At law school, policy is often a background discussion – something left to private chats with professors or fellow students as a creature of curiosity. However, at Innovation, Science, and Economic Development Canada (ISED), I was challenged to rethink my perspective on popular legal concepts and consider how the law ought to serve Canadians.
During my placement at ISED, as part of Osgoode’s IP Law and Technology Intensive Program (IP Intensive), I was able to attend many of the Standing Committee on Industry, Science, and Technology’s (INDU) review meetings of the Canadian Copyright Act. These meetings involve a selected group of Members of Parliament who are well-versed in the Canadian digital and creative economies. The INDU Committee is currently tasked with studying and reporting on the activities of stakeholders in any market where copyright legislation may be implicated. Interested parties – known as ‘witnesses’ – are able to appear before the INDU Committee, explain what their organization does, how copyright reform can impact their operations, and what reform ought to occur to accommodate their interests in the years to come. As for my role, I was able to sit back and observe a panel of MPs choreograph the delicate balance of competing rights among a diverse range of experts and industry leaders.
Copyrighting a Choreographic Work
Speaking of choreography, the submissions by Kate Cornell, Executive Director at the Canadian Dance Assembly at INDU’s 131st meeting taught me a thing or two about how copyright law interacts with choreographic works. Kate Cornell argued that the definition of ‘choreography’ under s.2 of the Copyright Act ought to be amended to reflect the present-day use of dance movements. The Canadian Dance Assembly sought a broadening of the definition to include dance movements that occur on digital platforms, citing as support purchasable dance emotes in the billion-dollar game Fortnite. However, the boundaries of what constitutes a protectable choreographic work or a mere physical movement were left undefined.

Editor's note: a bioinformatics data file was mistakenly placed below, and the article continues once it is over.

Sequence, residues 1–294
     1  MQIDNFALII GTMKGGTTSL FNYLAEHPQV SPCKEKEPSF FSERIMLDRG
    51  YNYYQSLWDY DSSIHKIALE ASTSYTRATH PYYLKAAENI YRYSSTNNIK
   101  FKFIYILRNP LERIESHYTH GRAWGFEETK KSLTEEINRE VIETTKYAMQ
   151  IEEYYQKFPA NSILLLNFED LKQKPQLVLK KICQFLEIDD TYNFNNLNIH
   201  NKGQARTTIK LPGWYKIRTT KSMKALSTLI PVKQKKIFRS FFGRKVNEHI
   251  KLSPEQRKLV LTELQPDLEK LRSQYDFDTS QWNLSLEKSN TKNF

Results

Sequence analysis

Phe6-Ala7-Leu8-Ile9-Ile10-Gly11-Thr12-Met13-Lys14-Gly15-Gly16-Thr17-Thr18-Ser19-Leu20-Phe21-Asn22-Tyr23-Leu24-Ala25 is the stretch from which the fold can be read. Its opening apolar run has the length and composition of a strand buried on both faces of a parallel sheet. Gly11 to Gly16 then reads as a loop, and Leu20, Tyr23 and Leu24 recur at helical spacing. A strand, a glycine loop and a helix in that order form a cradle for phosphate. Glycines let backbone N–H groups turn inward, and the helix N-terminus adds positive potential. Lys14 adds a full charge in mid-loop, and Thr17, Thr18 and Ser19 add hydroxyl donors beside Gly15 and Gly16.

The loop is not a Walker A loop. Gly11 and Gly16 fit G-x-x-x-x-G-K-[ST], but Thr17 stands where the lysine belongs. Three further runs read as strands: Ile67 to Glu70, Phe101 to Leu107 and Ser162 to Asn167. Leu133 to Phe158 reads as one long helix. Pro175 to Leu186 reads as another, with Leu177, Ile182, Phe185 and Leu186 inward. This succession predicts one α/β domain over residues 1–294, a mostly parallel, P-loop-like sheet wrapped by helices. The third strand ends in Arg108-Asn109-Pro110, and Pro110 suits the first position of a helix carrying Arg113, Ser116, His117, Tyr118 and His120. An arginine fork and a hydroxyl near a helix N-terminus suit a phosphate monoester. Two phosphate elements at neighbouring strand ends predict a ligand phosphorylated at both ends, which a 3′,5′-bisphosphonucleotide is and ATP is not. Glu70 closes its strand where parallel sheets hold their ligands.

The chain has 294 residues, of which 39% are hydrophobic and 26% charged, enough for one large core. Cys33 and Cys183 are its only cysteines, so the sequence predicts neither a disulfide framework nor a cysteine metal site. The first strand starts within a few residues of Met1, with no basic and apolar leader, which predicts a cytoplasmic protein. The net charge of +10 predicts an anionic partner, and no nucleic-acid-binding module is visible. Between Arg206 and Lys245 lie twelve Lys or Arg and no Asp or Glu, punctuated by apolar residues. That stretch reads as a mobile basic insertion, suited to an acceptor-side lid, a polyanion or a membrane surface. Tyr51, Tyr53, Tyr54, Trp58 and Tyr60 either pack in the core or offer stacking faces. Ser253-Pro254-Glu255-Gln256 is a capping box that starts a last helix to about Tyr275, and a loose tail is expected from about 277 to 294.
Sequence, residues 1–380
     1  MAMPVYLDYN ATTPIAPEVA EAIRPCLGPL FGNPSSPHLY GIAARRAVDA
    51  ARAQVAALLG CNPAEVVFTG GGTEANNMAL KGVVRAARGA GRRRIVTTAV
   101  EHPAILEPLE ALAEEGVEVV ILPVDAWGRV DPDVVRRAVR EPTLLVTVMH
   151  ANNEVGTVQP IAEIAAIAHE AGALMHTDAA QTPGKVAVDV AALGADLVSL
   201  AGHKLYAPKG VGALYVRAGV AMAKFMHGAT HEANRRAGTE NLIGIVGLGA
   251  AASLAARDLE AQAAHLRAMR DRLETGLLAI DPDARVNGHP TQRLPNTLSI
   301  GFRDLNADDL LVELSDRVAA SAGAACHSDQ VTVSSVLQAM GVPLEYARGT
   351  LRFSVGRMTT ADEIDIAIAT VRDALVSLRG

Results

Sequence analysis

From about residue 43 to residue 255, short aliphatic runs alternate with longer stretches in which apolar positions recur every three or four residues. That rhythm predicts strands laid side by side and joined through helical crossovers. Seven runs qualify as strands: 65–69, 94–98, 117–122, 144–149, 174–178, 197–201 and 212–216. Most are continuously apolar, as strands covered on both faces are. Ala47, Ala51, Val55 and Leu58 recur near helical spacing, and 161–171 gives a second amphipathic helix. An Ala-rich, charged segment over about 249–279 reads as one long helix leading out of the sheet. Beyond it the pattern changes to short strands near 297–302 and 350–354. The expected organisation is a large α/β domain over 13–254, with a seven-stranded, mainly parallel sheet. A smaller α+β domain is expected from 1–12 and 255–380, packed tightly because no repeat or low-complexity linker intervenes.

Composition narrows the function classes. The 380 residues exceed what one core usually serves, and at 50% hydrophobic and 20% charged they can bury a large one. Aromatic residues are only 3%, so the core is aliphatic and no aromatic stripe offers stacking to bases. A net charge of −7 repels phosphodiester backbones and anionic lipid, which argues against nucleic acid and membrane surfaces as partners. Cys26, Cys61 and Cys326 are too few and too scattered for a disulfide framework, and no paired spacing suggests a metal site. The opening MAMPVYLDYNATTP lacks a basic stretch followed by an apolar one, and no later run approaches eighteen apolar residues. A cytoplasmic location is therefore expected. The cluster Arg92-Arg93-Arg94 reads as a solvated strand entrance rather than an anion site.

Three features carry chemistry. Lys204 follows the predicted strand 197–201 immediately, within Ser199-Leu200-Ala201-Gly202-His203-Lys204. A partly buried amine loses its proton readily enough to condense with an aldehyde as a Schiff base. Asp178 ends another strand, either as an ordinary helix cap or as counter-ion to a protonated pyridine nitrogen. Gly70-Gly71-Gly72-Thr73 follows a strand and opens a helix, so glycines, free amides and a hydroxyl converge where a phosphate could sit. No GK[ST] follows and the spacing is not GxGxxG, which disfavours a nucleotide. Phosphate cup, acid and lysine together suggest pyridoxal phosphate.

In its deliberation, the INDU Committee considered several examples, including jazz hands, the similarities between Beyoncé’s Countdown music video and Anne Teresa De Keersmaeker’s ‘Rosas danst Rosas’, and the iconic bomb-riding scene from Stanley Kubrick’s Dr. Strangelove. The Committee cited discontent from Chance the Rapper, who claimed that games like Fortnite “unfairly [profit] off of already named and recognized dances without giving credit or compensation to creators”, to frame the loss of control creators experience over their choreography and how software with a free-to-play business model can subsist, at least in part, by selling digital dances. However, drawing inspiration from pre-existing works is a cornerstone of creative arts and, in some cases, a third-party repurposing a work for a new audience can have a positive impact on the original creator’s popularity.
Accessibility and Usability
Balancing competing interests is also paramount to ensuring creative and educational content is available to all Canadians. The INDU Committee’s 133rd meeting invited representatives from the Canadian National Institute for the Blind (CNIB) and the Council of Canadians with Disabilities (CCD) to address the accessibility and usability needs of Canadians under the current copyright regime. The CNIB proposed amending the Act to ensure copyright protection “[could not] be granted to a literary work unless the production of such a work is done in an alternate format for persons with a print disability”. John Rae, speaking on behalf of the CCD, suggested an amendment that would prohibit the disbursement of federal funds to “any program, policy, contract or grant that would contribute to perpetuating barriers or creating new ones” and drafting legal documents in plainer and more understandable language. On the other hand, publishing creative or educational works in alternative, accessible formats incurs additional production costs which can impact the competitiveness and market success of publishers – especially so for smaller publishers.
At first glance, the proposed amendments may seem strict, but they highlight the importance of understanding the barriers faced by many Canadians. For example, the inability to access alternative format academic materials can impede one’s ability to participate and succeed in a post-secondary environment, consequently disadvantaging one’s competitiveness in the job market.
In shaping Canadian policy, it is important to reflect on the bigger picture and consider the real-world impact of legal debate. Attending INDU Committee meetings humanized legal discussions and presented the unique opportunity to observe the law beyond the books – as advocates and politicians regularly do.
Written by Dominic Cerilli. Dominic is a Senior IPilogue editor and JD candidate at Osgoode Hall, and was enrolled in Osgoode’s Intellectual Property Law and Technology Intensive Program. As part of the program requirements, students were asked to write a reflective blog on their internship experience.